Total government loan guarantees stood at N$11,1 billion, in 2017, according to figures released by the Bank of Namibia this week.
Foreign loan guarantees were at N$9,1 billion, while domestic guarantees stood at N$2 billion.
The total in 2013 was N$4,5 billion - N$3,6 billion in foreign loan guarantees and N$831,9 million in domestic loan guarantees.
Transport and finance sectors accounted for N$3,9 billion in government foreign loan guarantees in 2017.
The figures provided by the Bank of Namibia deputy director of corporate communications Kazembire Zemburuka showed that the foreign loan guarantee figure was four times the domestic loan guarantee figure of N$2 billion recorded in 2017.
"Furthermore, domestic loans guaranteed by the government also rose by N$1,1 billion to N$2 billion during the 2017/18 financial year from N$831,9 million in the 2013/14 financial year," he said.
Zemburuka added that domestic loans to state-owned enterprises, which are guaranteed by the government, stood at N$1,9 billion at the end of September 2018, while those issued for the purchasing of farms stood at N$223 million during the same period.
"Foreign loans to SOEs that are guaranteed by the government amounted to N$9,1 billion as at the end of September 2018. Currently, there are no loan guarantees to private enterprises," he reiterated.
The reason why foreign loan guarantees are more than domestic loan guarantees is because there are diverse opportunities from foreign sources of funding, for example multilateral and bilateral institutions, than those available domestically.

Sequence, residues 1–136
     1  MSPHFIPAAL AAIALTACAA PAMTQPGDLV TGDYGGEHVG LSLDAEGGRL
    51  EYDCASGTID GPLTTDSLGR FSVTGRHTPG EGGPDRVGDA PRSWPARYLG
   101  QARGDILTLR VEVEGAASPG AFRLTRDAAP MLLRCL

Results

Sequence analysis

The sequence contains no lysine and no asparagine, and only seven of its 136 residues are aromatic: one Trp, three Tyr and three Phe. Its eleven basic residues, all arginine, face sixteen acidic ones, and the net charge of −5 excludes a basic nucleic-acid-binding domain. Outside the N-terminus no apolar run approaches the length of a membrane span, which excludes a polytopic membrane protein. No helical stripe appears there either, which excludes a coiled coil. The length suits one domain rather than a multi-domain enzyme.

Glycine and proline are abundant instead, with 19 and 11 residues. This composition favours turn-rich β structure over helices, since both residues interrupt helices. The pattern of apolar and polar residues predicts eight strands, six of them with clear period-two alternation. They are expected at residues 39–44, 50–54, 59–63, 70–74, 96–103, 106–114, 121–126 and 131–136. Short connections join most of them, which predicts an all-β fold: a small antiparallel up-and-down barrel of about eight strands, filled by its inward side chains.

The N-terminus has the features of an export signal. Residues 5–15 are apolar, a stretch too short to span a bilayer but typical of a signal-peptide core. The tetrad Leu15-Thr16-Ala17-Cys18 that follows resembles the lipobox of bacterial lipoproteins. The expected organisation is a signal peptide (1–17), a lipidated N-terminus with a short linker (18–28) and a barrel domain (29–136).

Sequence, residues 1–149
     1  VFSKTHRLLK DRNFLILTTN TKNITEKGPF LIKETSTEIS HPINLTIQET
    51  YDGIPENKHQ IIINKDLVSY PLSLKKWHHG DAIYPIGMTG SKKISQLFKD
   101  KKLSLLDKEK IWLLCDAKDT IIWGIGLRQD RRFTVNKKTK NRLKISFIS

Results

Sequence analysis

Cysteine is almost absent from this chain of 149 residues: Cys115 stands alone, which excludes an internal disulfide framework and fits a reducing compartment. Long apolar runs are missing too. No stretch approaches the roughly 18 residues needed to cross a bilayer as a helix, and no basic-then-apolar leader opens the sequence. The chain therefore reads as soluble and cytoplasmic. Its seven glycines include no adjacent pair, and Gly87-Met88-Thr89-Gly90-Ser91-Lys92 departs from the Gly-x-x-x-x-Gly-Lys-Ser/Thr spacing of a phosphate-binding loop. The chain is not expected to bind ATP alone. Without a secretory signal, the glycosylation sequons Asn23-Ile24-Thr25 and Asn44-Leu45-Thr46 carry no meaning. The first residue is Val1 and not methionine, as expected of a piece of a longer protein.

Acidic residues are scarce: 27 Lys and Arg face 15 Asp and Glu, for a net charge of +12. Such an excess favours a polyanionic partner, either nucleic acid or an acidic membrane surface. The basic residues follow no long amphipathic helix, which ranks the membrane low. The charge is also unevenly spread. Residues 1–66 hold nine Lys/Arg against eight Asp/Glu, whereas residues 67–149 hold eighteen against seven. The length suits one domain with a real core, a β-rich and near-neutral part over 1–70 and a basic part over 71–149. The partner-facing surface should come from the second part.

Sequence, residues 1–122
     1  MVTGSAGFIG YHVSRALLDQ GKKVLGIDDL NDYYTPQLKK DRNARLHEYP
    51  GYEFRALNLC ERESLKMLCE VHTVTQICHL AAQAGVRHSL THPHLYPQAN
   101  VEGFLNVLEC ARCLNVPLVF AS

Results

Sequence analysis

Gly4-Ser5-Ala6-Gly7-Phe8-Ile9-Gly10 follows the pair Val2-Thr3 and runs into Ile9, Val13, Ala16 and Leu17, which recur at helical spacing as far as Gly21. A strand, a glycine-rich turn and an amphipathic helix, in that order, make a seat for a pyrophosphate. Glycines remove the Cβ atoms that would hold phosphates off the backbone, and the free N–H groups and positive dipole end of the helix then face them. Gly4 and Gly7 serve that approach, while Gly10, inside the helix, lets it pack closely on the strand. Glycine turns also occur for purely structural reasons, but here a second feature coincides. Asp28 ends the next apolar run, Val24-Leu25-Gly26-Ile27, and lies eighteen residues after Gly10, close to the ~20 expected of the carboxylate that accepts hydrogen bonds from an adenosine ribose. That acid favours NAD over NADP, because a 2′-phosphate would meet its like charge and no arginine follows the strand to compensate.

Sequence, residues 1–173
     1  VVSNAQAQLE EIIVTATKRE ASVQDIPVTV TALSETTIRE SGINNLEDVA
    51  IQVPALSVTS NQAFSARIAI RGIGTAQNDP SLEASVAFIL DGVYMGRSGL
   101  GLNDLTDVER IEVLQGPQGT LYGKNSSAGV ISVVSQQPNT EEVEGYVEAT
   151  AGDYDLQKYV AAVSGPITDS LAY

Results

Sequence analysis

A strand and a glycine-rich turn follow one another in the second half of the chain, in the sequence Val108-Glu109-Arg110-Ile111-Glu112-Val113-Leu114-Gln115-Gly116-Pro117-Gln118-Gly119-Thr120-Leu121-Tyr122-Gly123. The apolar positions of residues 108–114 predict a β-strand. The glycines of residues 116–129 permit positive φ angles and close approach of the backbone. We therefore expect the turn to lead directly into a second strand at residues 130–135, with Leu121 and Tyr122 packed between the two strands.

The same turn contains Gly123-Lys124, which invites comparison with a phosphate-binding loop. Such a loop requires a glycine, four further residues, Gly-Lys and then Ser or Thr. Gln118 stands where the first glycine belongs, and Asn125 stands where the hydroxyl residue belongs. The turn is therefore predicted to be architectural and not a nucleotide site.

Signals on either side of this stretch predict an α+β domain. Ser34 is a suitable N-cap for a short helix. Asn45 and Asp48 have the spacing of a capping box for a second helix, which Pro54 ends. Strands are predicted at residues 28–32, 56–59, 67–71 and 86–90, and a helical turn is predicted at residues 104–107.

Domestic loan guarantees are loans issued by domestic financial institutions to SOEs, or purchases of farms under the Affirmative Action Loan Scheme for emerging farmers, which are guaranteed by the government, while foreign loan guarantees are loans issued by foreign financial institutions, also guaranteed by the government.
In the event of defaults, the government takes over the responsibility for the loans.
However, Zemburuka noted that the level of guarantees as a percentage of gross domestic product is still well below the benchmark level of 10% of GDP.
"Total loan guarantees as a percentage of G11bDP stood at 6,1% at the end of September 2018. The level of guarantees is manageable since it is well below the benchmark, and therefore, there is no need for concern at this stage," he stressed.
According to statistics, domestic government debt stood at roughly N$52 billion during the second quarter of 2018, compared to approximately N$47 billion during the second quarter of 2017. Total central government debt stood close to N$81 billion during the second quarter of 2018, compared to roughly N$74 billion during 2017.
An investment strategist at Broadside Capital, Ngoni Bopoto, told The Namibian earlier this year that the government has succeeded in slowing down growth in domestic debt over the past two years from 45,1% on a yearly basis in February 2017 to 17,5% recorded in January 2019.
"While the slowdown is commendable, the level of growth remains high, and a contracting economy mutes the impact on macro-prudential ratios, such as the budget deficit and debt to GDP," he noted.
Bopoto added that it is critical that the government executes alternative strategies to finance the fiscus, while reining in expenditure.